Friends and neighbors are often willing to trade services and pitch in when needed.
            Alternative scheduling can also make a big difference. Though many parents check homework at night, it sometimes works better for parents to do it in the morning, while a child is eating breakfast.
            If work schedules make it possible to only have a quick dinner in the evenings, try to compensate in the mornings with a big, hot breakfast.
            Also remember that weekend schedules can make up for weekday shortfalls. 
And finally, it’s a good idea to figure out a way to help at school even if your work schedule is complicated.
Be flexible and creative. But find ways to stay involved.

Thursday, April 25, 2013

2013 Classified Employees of the Year

Olsen and Chavez named 2013 Classified Employees of Year 

Cindy Olsen, accountant for the Goleta Union School District, and Richard Chavez, custodian at La Patera Elementary School, have been named 2013 Santa Barbara County Classified Employees of the Year. They will be honored at a ceremony during the meeting of the Santa Barbara County Board of Education on April 4.
Olsen was nominated in the office and technical category, and Chavez was nominated in the maintenance, operations, and facilities category.
The county recognition is part of the California School Employee of the Year Program.
“We are very happy to take part in this program,” County Superintendent Bill Cirone said. “Each year we honor the Teacher of the Year and outstanding schools; it is fitting that we also include the school staff members who play such a key role in supporting children’s achievement, safety, and health.”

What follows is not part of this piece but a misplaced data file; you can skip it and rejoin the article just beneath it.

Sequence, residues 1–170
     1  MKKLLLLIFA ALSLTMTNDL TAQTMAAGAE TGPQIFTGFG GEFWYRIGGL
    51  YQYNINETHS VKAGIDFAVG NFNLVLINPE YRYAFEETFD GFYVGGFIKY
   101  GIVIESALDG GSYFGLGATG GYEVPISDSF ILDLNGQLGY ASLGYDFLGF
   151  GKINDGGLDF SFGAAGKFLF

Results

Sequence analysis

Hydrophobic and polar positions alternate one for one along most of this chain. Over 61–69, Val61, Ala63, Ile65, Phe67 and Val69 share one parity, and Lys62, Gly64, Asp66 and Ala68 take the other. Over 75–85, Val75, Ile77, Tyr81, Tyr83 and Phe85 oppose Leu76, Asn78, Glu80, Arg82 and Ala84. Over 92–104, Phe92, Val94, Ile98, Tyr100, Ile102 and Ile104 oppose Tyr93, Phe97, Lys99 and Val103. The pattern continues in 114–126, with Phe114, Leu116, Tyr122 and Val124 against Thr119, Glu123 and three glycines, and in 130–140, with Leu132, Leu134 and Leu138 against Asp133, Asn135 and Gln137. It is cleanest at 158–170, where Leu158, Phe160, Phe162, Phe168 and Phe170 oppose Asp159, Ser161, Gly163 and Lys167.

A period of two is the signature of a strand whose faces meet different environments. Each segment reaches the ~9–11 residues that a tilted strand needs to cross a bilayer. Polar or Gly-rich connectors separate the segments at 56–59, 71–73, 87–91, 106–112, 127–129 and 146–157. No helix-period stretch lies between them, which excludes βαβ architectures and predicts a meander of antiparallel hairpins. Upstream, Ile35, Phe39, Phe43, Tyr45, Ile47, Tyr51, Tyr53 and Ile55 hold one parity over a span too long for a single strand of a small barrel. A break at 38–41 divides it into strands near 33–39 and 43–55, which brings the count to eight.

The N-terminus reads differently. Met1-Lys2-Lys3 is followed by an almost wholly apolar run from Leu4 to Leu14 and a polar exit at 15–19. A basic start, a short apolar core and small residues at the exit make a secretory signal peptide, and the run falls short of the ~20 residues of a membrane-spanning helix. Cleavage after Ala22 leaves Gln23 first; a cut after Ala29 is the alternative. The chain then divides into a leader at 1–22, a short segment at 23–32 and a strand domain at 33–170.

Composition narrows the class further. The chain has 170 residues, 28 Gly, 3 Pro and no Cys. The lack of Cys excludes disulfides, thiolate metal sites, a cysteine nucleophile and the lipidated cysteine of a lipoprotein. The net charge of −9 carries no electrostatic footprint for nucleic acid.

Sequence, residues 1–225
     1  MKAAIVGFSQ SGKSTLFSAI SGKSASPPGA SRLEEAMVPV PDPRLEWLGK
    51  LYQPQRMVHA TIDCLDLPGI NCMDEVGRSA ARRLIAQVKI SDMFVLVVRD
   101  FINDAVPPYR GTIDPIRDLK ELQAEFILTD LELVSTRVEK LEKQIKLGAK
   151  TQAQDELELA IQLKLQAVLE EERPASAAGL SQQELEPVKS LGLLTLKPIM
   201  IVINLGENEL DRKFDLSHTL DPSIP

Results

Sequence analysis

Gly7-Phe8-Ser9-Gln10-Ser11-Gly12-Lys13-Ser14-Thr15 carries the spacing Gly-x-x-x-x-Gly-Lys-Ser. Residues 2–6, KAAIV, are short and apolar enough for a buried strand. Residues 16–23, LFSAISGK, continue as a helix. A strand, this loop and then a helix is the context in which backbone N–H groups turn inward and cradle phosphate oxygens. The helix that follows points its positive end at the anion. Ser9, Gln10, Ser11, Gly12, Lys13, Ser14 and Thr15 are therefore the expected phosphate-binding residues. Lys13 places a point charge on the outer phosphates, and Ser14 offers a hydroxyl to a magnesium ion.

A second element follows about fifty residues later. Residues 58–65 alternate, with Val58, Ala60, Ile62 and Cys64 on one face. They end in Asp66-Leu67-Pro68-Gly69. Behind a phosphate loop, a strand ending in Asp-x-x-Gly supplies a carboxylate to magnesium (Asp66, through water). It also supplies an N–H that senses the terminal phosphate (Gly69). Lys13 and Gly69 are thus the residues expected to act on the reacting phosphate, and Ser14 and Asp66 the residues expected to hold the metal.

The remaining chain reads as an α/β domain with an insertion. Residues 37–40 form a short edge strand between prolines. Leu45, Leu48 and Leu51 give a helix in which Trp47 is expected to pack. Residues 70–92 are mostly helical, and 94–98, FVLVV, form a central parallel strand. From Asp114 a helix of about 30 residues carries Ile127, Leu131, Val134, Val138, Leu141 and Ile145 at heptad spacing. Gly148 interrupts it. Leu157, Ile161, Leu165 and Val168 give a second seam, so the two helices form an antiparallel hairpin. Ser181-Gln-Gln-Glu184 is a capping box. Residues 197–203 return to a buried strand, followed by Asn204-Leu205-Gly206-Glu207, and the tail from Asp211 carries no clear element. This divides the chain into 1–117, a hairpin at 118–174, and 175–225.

To qualify, the employee must have been in the same service category for at least five years. 
The nomination process started at the district level, where each district was invited to select employees from six categories, including child nutrition, maintenance/operations/facilities, transportation, para-educator/instructional assistance, office and technical, and support services and security. A county committee reviewed the nominations and selected the county’s nominees.
Cindy Olsen has been the accountant for the past 13 years at the Goleta Union School District, where she began 23 years ago as an accounting technician. Her supervisor, Assistant Superintendent of Fiscal Services Ralph Pachter, called her “one of the most beloved employees in the district” and praised not only her accounting skills but also her commitment, leadership, and patience in training other employees. “Cindy exemplifies focused effort, always meeting deadlines and prioritizing her time to ensure that critical business functions operate smoothly. This extends from maintaining district books and managing audits to monitoring site budgets, fielding many questions from site staffs and supporting other Fiscal Services staff members. Cindy retains an easy grace in this effort, and is always cheerful and helpful.”
“Cindy is someone you can count on, no matter what the situation. If there are deadlines to be met she will always ask if there is anything she can do to help, in spite of her own work load,” said Accounting Technician Lupie Muñoz.
Added Christine Blaney, the district’s buyer, “Cindy is hard-working, reliable, patient, friendly, intelligent and beyond helpful. … No job is beneath her, and you can always count on her to have the solution or answer. Cindy has an extraordinary way of taking a very difficult accounting subject and putting it into laymen terms for others who don’t understand.”
"Cindy Olsen is a superb employee — loyal, diligent, smart, ethical, and compassionate. Day in and day out, she does her job and all the little things that make the Goleta district a better place in which to work,” said a former colleague.